The difference between the sides was exemplified by the luckless X Doherty’s run out attempt.  Whereas on day 1 Trott had hit with one stump to aim at, Doherty from a similar position missed by a good yard.  Some Aussies are counting this as a success since this was closer to the stumps than many of his deliveries during a fruitless bowling spell.  X seems likely to become Ex.

Day 3

As sweaty KP put a big score on the board, his alleged weakness against left-arm spin wasn’t exactly evident. No bowler leaked more runs against Pietersen than left-arm spinner Doherty, who was dispatched for nine fours and one monstrous six over the fence at long-off.
Pietersen also showed his complete rehabilitation by walking at the fast bowlers. Doug Bollinger is not a man who often gets charged, but he found a perspiring KP 3 yards nearer him on several occasions.

When dry-gloved Cook was finally out on he had the telling statistics of 450 in 3 innings, 2 completed, giving him a modest series average of 225.  But beware.  At one point in the summer Fantasy Bob had a batting average of 200 – and then it fell apart.  So Cook has no room for complacency.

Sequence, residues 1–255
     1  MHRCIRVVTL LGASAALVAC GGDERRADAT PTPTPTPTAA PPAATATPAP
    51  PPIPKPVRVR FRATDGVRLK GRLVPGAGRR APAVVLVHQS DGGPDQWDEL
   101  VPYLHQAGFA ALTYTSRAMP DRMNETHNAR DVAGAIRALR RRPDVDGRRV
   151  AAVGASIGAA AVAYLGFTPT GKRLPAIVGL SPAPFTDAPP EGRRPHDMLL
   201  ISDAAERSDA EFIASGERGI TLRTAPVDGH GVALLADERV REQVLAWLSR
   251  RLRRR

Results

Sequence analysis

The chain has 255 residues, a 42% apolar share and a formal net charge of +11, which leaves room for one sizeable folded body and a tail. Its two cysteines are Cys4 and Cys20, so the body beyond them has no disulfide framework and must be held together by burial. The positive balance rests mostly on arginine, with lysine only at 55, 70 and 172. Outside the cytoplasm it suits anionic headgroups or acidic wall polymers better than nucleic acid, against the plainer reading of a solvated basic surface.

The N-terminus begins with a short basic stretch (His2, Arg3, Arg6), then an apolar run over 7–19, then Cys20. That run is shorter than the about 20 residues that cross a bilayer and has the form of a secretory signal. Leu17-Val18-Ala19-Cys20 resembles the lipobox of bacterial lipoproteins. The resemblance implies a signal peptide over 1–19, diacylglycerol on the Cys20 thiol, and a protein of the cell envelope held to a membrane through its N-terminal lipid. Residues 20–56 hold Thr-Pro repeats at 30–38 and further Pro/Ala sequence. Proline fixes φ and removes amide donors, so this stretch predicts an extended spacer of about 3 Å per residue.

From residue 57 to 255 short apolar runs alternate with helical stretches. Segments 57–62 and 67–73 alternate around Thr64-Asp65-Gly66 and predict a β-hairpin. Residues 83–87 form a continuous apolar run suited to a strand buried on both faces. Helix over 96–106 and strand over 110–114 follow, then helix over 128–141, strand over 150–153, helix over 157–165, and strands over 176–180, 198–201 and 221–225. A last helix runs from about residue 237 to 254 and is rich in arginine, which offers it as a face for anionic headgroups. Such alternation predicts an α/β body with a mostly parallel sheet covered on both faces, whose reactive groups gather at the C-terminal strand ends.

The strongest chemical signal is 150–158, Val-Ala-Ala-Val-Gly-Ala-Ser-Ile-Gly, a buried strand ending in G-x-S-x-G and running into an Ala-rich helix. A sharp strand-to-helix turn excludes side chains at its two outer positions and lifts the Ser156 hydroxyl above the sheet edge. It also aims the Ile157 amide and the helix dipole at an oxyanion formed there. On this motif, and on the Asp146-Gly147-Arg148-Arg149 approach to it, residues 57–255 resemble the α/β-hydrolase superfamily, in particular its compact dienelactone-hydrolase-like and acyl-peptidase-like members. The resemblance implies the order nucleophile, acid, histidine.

Day 4

England have now scored more than 1100 runs for the loss of just six wickets over their last two innings.  Is this a record?  Who knows?  Who cares?

Another Ashes hero, Bob Willis, has suggested that a slight bend in Alistair Cook’s front knee was all the change required to produce the recent sparkling form.   As the Carlton junior section would say ‘Yeh. Like. Right. Like he knows.’  Willis’ batting average was 11.50.

As Ian Chappell says that Australia don't have a bowling attack leader, a comment so obvious that even FB might have thought twice about uttering it, a survey of Australian supporters finds that 71% of respondents want to see 41year-old Shane Warne make a comeback.  A similar proportion have voted for the return of Dennis Lillee, Richie Benaud or Bill O’Reilly.
As England struck a huge blow by getting Michael Clarke caught at the end of play, Clarke himself used Twitter to issue an apology. He tweeted, ‘Just want to apologise for not walking off the ground tonight when I hit the ball. I was just so disappointed, my emotions got best of me.’  Ponting can’t get his apology for the lacklustre performance of his team in the field down to 140 characters.

Meanwhile Geoffrey Boycott, never short of advice, was suggesting that the Australian selectors may have to look at the claims of Karen Rolton for Perth – batting average 55.66; bowling average 23.35.

Day 5

All over before lunch.  Swan's 5 for 91 wrapping the victory up in rapid fashion.  Leaving lots of tweeting time for the side.

Finally the most telling picture from the 5 days action is below.  Ricky could be praying for just about anything.  Is there not a little bit of human sympathy for him in even the most hardened anti-Australian?  
What did I do to deserve this?